Vanishing Schools, Threatened Communities
The Contested Schoolhouse in Maritime Canada 1850–2010
The Eastern School Board’s contentious decision to close eight schools is prominently featured in Halifax author Paul Bennett’s recently published book, Vanishing schools, Threatened Communities: The contested Schoolhouse in Maritime Canada. Mr. Bennett’s background includes 34 years of working in the education system in Ontario, Quebec and Nova Scotia, including 20 years in administration. He retired as headmaster of the Halifax Grammar School in 2009 before establishing the Schoolhouse Consulting firm. He currently writes on education issues in the Halifax Chronicle-Herald.
Mr. Bennett said the project initially started as a book about school closures, but after doing a lot of background research on the issue, “it ended up being a full study on what I call the lies of the bureaucratic education state in the maritimes.”
He said the book is a history of education in the Maritimes beginning in the days of the one-room schoolhouse, and up to the modern school system and the changes that have taken place in that system, with the overall purpose to raise people’s historical consciousness and to defend rural community schools.
“Bureaucratization and consolidation is leading to uniformity and the crowding out of public participation in the school system,” Mr. Bennett said.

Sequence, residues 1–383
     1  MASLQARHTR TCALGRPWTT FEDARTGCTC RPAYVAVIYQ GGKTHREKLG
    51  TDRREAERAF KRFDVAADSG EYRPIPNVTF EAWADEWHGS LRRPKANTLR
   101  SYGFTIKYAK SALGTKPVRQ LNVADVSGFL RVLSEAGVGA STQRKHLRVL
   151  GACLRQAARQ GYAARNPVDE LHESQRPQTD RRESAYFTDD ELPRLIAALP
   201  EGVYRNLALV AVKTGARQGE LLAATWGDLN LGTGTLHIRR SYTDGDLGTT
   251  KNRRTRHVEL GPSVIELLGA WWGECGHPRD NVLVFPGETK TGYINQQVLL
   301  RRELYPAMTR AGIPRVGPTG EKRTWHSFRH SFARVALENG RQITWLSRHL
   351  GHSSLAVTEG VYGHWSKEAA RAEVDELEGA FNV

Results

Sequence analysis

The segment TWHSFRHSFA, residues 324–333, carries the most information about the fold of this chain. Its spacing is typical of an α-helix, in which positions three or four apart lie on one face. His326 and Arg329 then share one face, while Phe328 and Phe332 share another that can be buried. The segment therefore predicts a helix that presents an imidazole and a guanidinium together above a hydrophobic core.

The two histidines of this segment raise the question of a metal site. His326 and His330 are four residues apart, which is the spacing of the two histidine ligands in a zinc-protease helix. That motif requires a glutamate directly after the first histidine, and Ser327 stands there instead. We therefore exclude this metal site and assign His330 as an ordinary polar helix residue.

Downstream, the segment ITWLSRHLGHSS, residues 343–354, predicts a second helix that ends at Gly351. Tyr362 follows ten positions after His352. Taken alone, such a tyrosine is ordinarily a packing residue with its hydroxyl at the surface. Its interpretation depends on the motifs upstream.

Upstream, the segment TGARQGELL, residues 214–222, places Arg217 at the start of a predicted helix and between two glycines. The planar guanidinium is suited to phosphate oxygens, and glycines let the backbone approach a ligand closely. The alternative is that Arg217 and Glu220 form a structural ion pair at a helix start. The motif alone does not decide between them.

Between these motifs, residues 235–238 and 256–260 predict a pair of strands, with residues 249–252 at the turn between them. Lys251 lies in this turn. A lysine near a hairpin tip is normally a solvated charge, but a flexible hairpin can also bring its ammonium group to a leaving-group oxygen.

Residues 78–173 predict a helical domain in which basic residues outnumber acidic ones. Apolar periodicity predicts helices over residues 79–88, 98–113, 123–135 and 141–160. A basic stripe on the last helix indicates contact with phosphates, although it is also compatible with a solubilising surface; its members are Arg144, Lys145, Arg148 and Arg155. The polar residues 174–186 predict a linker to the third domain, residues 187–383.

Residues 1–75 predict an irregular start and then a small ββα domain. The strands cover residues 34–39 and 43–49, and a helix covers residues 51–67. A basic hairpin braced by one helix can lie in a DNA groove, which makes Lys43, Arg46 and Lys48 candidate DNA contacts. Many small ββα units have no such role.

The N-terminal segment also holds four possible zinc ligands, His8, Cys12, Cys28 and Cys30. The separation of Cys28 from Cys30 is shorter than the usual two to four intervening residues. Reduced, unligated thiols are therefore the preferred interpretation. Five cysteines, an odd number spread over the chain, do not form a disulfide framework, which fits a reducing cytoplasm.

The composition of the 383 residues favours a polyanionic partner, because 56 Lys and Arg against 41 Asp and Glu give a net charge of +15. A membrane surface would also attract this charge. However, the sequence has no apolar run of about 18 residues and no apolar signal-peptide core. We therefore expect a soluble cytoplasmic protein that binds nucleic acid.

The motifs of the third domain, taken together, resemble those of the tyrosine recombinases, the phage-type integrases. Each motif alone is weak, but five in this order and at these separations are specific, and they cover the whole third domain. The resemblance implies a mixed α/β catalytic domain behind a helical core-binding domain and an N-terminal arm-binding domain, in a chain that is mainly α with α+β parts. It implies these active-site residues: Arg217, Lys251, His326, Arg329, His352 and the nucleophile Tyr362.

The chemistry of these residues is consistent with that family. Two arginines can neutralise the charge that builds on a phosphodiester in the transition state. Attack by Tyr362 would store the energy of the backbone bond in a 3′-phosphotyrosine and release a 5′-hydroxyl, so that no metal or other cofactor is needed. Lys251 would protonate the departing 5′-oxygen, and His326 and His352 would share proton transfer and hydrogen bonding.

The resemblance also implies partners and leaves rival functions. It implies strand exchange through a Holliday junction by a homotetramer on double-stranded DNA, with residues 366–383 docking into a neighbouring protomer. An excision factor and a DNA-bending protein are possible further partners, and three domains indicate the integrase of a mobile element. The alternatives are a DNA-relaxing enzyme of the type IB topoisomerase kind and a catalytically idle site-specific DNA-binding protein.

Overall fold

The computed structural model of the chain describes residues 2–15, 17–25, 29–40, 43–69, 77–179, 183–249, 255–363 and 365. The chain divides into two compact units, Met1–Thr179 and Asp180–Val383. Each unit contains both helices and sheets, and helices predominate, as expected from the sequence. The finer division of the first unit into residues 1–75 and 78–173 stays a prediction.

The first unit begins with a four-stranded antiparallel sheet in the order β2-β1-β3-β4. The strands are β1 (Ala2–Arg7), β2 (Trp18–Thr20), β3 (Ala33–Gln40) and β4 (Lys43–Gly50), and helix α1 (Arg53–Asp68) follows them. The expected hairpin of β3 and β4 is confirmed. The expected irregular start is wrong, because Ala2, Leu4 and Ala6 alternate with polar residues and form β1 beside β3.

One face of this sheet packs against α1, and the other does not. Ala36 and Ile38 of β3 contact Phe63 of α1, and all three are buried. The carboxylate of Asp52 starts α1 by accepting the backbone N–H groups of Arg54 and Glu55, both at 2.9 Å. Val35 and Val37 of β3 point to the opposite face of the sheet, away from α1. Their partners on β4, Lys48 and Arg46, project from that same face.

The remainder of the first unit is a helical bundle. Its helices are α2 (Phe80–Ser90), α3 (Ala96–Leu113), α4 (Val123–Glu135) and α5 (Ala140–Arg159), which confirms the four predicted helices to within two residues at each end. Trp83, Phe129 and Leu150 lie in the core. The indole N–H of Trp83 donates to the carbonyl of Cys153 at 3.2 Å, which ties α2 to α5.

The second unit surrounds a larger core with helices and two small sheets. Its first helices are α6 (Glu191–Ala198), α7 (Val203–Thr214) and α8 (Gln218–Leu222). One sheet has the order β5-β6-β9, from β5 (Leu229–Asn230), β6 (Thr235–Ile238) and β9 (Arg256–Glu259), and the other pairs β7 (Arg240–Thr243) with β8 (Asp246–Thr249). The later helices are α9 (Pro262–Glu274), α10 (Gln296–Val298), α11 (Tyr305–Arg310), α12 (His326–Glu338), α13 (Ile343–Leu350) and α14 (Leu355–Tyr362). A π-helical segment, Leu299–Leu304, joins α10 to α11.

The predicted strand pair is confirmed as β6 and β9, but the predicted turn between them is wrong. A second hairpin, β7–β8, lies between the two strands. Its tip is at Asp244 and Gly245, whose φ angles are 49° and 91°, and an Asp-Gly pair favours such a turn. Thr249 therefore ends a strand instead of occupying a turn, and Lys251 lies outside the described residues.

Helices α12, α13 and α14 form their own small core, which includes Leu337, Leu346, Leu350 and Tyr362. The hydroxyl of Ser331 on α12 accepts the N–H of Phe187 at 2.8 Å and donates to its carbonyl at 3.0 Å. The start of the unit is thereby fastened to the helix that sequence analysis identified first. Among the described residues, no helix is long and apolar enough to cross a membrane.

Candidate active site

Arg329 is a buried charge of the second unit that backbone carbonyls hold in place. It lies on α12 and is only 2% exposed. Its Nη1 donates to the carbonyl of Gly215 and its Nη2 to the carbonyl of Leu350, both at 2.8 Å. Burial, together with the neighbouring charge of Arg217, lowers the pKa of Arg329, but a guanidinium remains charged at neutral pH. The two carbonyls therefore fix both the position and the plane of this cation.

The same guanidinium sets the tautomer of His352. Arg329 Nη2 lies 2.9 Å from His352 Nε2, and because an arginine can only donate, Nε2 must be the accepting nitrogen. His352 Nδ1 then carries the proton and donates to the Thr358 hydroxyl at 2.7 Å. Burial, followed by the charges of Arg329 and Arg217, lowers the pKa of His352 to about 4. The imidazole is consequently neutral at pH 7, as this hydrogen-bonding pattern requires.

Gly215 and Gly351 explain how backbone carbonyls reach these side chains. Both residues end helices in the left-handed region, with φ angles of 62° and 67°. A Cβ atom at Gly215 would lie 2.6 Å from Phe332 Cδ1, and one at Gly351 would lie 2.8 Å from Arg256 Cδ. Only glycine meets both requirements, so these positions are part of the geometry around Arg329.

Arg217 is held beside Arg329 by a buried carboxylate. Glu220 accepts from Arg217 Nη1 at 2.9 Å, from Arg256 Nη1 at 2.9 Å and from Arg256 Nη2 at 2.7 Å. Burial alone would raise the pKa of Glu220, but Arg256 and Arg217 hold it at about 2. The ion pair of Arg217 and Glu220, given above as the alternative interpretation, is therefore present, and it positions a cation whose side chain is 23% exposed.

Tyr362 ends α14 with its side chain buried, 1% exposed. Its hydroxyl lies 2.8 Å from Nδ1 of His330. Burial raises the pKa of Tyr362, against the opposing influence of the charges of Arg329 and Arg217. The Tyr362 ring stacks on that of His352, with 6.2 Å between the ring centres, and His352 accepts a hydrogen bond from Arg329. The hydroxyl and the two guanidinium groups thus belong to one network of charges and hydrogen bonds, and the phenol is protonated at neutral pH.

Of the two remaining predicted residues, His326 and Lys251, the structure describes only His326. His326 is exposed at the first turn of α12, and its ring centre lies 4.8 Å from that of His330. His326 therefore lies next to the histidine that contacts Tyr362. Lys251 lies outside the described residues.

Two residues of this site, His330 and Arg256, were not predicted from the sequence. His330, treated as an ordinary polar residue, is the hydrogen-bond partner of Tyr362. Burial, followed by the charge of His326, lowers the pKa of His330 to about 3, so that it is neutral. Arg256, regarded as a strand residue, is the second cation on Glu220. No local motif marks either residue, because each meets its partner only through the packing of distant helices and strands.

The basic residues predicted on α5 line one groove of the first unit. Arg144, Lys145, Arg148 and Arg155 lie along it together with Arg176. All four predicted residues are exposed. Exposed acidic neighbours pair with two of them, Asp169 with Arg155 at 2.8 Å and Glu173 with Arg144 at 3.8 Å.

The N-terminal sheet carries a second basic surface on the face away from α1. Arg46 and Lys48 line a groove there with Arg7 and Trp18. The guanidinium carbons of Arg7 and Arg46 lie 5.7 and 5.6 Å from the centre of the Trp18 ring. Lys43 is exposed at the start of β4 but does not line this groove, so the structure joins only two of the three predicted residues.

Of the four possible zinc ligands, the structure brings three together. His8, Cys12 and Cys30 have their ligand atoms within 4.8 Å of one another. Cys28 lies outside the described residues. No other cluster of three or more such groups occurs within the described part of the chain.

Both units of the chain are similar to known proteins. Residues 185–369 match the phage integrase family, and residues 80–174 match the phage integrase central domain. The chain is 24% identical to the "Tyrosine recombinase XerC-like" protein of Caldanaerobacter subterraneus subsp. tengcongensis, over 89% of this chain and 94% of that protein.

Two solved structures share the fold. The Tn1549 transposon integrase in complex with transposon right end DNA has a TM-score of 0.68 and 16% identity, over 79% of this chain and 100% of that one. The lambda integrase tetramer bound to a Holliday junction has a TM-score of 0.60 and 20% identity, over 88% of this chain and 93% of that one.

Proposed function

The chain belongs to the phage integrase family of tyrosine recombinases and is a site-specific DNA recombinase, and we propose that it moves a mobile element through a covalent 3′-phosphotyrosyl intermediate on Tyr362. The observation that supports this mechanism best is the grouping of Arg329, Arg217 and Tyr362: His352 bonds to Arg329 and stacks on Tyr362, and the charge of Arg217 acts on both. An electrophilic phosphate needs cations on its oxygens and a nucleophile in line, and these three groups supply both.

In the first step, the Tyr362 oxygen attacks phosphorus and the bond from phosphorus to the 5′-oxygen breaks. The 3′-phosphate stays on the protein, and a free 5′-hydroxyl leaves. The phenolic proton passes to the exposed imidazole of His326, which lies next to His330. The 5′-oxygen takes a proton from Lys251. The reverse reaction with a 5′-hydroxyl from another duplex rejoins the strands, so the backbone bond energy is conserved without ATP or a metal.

He said PEI’s education history is well represented in the book including reflections from Dr. Edward MacDonald of UPEI, as well as an overview of Premier Alex Campbell’s Comprehensive Plan that included school consolidations back in the 1960s. The history goes to the Eastern School District’s closure of eight schools back in 2009 and as recently as the infamous November 2010 Eastern School Board meeting which eventually led to Education Minister Doug Currie’s disbanding of the elected board, to be replaced by a single appointed trustee.
“It shows there is something really seriously dysfunctional there. The book makes a very strong case that local democracy in education is threatened. We need to stand up and fight to revitalize the school system.”
Mr. Bennett’s research includes stories from The Eastern Graphic and the book includes quotes from columns written by publisher Paul MacNeill on the actions of the province and the Eastern School Board.
Mr. Bennett interviewed Peter Llewellyn who was a major voice of opposition of the school closures. He said Mr. Llewellyn is an interesting figure who along with the PEI Rural alliance practiced a form of “radical populism” with the goal to return power to the people in the rural areas. He said the group’s efforts were “the last stand of rural community schools” in the Maritimes. He contrasts the Rural Alliance’s efforts with the Save the Community School effort currently taking place in Antigonish county, Nova Scotia.
“It’s not quite a radical (in Antigonish)_. They’ve (the school district) identified three or four schools at a time and try to pick them off. You’ve got more of a broader scale consolidation going on, so it’s more intense.”
Mr. Bennett will be signing copies at the indigo bookstore in Charlottetown Tuesday, May 24 from 2 to 4pm and will be at Beaconsfield’s Carriage House at 7pm.-David MacDonald, The Guardian Wednesday May 18, 2011.